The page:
How to Keep Your Cat Hydrated If She's Not Drinking Water?

How to Keep Your Cat Hydrated If She’s Not Drinking Water?

Kitties are similar to most mammals in terms of the water content of their bodies – they are made up of at least 60% water! This means that they simply must get a lot of water on board every day to keep themselves healthy and fend off dehydration. If you have a little kitten or a senior moggy, you need to be especially worried about your cat not drinking water as they are at the highest risk of dehydration. Read on to find out what you can do to help.

Cute cat lying near bowl on floor at home

Finding Out Why Your Cat Won’t Drink Water

If your kitty has very suddenly stopped drinking water and has other symptoms such as a lack of appetite, listlessness, or seems to be in pain, you must take them to your vet to get checked out.

However, don’t expect to see a healthy cat gulping down water in the same way as a dog. Dogs will happily lap up water from anywhere including dirty puddles. Cats are a lot fussier! In fact, they can be incredibly choosy about the type of water that they drink and where they drink it from! You may have to put some effort into finding what suits them. Here are some possibilities that you could investigate.

They don’t like the water bowl

Plastic water bowls in particular can be very unpopular with cats! Try a metallic or ceramic bowl instead. The shape and size of the bowl is also important. They prefer larger bowls because they don’t like the feeling of their whiskers brushing against the bowl as they drink. It is highly distracting!

Related Post: Water Bowl for Cats

They don’t like where the water bowl is

Cats are very sensitive to what is going on around them when they are eating and drinking. Is the water bowl in a noisy area or in a place that is used as a thoroughfare in your home? Try locating it in a more private area.

They don’t like still water

In the wild, a cat would avoid still water because it is most likely to contain harmful organisms that could make them ill. It also does not taste great. Given the choice, a cat would prefer to drink from running water. This is why many cat owners have a lot of success with cat water fountains. The water is constantly refreshed and aerated after passing through filters, so it tastes great!

Gray cat near the water bowl

How to Make Cat Drink Water

If you have tried out different bowls and a water fountain and still had no success, it may be time to try something new. Perhaps your kitty simply does not like the taste of your tap water?

You could try giving them bottled water or using a filter jug to remove odors and tastes from the water. Keep it in the fridge so that it is always chilled. There are a few other things that you can do to make the water more palatable. Temperature is important. Cats are unlikely to drink lukewarm water that has been hanging around all day. Make sure that you change the water at least four times a day. Add some ice cubes each time you change it and the temperature will remain cool for a few hours.

Some owners have had a lot of success with adding flavors to the water. The chicken broth seems to be a firm favorite with cats but many also love the taste of tuna juice. Obviously, this will need to be changed very frequently to prevent bacteria and insects from being attracted to the water bowl.

Why not combine flavor with ice cubes? Make your own kitty ice cube treats by combining some chicken broth or tuna juice from a can of tuna with some water and freezing it overnight in ice cube molds. When you tip them out into your cat’s water bowl they will gradually melt and give off an irresistible odor.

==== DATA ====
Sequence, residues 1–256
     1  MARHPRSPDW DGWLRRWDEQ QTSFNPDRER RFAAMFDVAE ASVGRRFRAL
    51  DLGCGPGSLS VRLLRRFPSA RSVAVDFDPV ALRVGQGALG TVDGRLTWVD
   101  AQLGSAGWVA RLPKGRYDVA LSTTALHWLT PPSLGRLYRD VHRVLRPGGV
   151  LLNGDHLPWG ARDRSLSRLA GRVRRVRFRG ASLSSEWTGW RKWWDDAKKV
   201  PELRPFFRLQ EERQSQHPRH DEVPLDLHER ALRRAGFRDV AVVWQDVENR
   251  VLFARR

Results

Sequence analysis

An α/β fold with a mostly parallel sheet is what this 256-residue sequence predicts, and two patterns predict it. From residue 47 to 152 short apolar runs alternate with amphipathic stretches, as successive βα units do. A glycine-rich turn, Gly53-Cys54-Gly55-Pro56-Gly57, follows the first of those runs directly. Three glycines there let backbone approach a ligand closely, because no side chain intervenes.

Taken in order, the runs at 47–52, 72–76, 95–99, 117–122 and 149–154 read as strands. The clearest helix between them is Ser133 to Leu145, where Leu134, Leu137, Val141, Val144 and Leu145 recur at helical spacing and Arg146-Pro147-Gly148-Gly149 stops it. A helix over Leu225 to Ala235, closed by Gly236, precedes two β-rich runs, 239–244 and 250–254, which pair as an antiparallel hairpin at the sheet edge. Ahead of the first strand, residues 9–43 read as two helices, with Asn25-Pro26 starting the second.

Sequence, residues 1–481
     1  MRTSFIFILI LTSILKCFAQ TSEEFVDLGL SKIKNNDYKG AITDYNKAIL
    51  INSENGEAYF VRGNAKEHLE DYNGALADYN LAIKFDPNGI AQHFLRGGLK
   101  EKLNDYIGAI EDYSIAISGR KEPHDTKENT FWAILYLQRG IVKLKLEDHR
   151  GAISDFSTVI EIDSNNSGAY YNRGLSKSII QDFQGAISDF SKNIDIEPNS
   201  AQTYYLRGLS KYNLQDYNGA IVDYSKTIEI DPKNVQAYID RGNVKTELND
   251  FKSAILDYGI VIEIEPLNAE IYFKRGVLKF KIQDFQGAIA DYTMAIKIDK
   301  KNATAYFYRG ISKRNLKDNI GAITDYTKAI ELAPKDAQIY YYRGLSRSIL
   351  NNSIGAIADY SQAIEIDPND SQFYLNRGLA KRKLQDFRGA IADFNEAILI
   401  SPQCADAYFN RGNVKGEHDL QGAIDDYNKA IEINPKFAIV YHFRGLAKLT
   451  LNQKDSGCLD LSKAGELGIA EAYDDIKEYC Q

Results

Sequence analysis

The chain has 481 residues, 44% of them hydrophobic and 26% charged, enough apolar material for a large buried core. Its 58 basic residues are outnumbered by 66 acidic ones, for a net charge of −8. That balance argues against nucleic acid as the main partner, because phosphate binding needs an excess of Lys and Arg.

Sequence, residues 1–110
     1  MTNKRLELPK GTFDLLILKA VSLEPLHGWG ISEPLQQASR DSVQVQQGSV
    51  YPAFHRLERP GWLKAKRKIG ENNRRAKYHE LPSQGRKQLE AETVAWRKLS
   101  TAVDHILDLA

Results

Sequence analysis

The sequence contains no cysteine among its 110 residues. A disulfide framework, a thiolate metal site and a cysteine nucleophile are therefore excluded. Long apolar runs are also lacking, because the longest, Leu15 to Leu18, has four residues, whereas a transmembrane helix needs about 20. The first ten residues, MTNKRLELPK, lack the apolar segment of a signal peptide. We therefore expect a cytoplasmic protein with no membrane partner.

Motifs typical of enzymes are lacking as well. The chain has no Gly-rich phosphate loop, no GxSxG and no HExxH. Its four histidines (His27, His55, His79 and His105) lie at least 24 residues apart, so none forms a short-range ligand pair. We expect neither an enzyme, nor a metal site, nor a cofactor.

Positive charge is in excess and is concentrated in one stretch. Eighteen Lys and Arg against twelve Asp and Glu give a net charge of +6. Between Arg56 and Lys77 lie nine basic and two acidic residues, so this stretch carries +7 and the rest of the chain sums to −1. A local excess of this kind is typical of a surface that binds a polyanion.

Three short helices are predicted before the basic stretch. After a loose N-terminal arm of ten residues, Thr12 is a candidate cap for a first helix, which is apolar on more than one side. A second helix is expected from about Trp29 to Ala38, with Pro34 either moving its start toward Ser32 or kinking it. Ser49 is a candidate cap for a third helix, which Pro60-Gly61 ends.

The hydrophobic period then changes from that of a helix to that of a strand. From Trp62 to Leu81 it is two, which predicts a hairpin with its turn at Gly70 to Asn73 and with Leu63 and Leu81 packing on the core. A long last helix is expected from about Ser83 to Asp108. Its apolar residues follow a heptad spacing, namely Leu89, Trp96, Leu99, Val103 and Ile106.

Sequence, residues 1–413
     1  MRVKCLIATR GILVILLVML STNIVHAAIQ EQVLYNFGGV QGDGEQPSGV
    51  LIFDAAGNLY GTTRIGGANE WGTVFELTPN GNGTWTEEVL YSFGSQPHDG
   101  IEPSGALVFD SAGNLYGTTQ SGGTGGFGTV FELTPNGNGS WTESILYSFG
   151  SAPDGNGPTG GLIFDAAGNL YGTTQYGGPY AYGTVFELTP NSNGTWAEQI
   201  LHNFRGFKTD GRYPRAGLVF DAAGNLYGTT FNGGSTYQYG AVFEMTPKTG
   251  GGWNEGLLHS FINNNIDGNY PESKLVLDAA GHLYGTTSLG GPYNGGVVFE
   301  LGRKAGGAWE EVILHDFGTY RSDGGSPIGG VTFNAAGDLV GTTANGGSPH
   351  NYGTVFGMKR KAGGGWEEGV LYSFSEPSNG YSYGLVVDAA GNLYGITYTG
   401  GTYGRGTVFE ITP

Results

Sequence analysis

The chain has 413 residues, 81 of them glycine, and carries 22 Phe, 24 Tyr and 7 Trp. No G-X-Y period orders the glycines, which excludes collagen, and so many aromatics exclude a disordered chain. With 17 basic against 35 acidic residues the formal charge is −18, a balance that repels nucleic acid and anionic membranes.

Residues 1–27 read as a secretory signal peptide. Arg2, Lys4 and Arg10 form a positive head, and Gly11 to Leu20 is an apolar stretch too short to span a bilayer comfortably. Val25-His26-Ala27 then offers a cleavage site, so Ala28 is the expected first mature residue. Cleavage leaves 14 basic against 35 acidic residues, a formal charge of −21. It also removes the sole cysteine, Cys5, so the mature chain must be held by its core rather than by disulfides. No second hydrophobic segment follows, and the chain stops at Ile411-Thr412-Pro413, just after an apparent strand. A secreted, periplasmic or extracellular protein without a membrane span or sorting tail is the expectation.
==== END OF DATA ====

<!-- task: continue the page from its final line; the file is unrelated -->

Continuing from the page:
Cats That Must Drink Water

Dehydration is a serious health issue for all cats but there are some that can suffer more than most. Long-term mild dehydration can trigger kidney problems so this is an issue that you need to tackle.

A cat that has been suffering from vomiting and/or diarrhea is especially prone to dehydration and it is vital that you get some water into them. However, if they have been ill for more than a day or two you must take them to your vet because they may need specialist treatment.

If you have a cat that has already been diagnosed with a chronic health condition such as diabetes or kidney disease, it is important that you talk to your vet about how you can make sure that they are getting enough fluid.

Cats that are fed exclusively dried food need to be watched carefully as they are especially at risk of dehydration. They will only be taking in around 40 ml of water in their food but they need at least 200 ml of water a day. Very few cats manage to drink that volume of water.

Finally, you should be more concerned if your kitten won’t drink water or if your elderly cat is refusing to drink. These age groups are more vulnerable when it comes to dehydration.

Cat drinking water from a bowl

Keeping a Cat Hydrated

So, how much water does your cat need? As a rough guide, they should take in the same amount of water (in milliliters) as the kilocalories they eat each day.

The obvious option is to switch to wet cat food. It can contain as much as 80% water. Cats are used to taking in water with their food rather than drinking water. They evolved from desert mammals who ate the whole body of small prey and that provided plenty of moisture.

Don’t make any sudden changes as this can result in stomach upsets and stress. Make a gradual change by mixing a little wet food with your cat’s usual food. Then, gradually increase that amount of wet food and decrease the dried food until they are on an entirely wet diet.

Related Post: Moist & Semi-Moist Cat Food

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